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Whistleblower complaint takes median 46 days to resolve: Analysis


The amount of time it takes firms to complete an investigation based on a whistleblower report and close the case continues to increase, concludes a study released Tuesday.

It took a median of 46 days to complete an investigation prompted by a whistleblower in 2015, up from 32 days in 2011, according to the study by Oswego Lake, Oregon-based ethics and compliance firm Navex Global.

The study, “2016 Ethics & Compliance Hotline Benchmark Report,” is based on an analysis of 2,311 Navex clients that received 867,551 individual whistleblower reports during 2015. The analysis includes only organizations that received 10 or more reports last year.

“The ongoing and significant rise in case closure times is cause for concern, as a festering workplace issue can drag down morale, productivity and organizational culture,” Carrie Penman, Navex’s chief compliance officer and senior vice president of advisory services, said in a statement.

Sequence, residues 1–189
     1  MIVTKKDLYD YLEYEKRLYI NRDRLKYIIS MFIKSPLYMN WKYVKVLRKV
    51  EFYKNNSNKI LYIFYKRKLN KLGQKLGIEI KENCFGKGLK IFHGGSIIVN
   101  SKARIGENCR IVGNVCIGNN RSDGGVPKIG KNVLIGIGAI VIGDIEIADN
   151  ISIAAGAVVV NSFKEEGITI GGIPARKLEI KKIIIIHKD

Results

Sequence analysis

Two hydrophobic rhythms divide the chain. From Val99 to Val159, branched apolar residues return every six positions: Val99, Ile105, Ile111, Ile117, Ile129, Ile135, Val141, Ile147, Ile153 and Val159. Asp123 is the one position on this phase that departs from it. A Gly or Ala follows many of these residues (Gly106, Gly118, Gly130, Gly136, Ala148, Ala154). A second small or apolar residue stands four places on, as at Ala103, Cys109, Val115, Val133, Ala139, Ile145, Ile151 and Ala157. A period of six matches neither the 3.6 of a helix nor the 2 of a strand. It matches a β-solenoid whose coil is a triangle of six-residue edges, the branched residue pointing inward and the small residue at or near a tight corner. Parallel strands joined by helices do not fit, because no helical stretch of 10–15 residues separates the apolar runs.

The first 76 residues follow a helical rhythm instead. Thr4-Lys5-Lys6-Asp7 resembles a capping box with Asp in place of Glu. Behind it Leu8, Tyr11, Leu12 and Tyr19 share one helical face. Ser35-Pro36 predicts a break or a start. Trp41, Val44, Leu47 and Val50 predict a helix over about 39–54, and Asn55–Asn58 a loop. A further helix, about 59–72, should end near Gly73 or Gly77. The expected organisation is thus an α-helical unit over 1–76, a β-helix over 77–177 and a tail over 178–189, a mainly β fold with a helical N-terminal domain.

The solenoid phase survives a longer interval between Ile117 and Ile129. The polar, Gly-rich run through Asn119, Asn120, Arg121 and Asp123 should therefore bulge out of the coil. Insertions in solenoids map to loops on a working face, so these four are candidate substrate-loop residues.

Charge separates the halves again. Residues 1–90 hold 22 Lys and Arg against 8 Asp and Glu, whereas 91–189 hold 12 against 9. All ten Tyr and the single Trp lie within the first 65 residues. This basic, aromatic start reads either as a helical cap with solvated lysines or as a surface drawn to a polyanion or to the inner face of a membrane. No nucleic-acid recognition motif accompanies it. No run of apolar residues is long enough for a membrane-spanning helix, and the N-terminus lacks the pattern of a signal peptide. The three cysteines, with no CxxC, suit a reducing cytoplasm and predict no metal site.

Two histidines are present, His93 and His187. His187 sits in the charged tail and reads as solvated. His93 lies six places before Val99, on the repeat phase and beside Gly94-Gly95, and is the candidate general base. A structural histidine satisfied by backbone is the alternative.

“It can also lead to allegations being reported outside the organization to regulatory agencies directly. Boards and executive leaders should take notice that their compliance programs could lose credibility with employees if this delay is not addressed. Best practice case closure time is an average of 30 days,” said Ms. Penman.

Although nearly 45% of all charges filed with the Equal Employment Opportunity Commission in 2015 were related to retaliation, the rate of retaliation reports in the Navex Global analysis accounted for just shy of 1% of complaints filed over the past five years.

“The low number of retaliation-related reports captured in our data gives us cause to believe that employees are more likely to report retaliation issues externally than internally,” according to the survey.

Meanwhile, the report also found that the substantiation rate for retaliation claims in 2015 was 26%, down from 27% in 2014 but still above the 12% reported in 2013.

“This ‘new normal’ rate is a sign that organizations are moving in the right direction, taking a more focused approach to managing and investigating allegations of retaliation,” according to the analysis.

Experts say the EEOC’s proposed update of its “woefully outdated” guidance on workplace retaliation would put a greater burden on employers to disprove such allegations.

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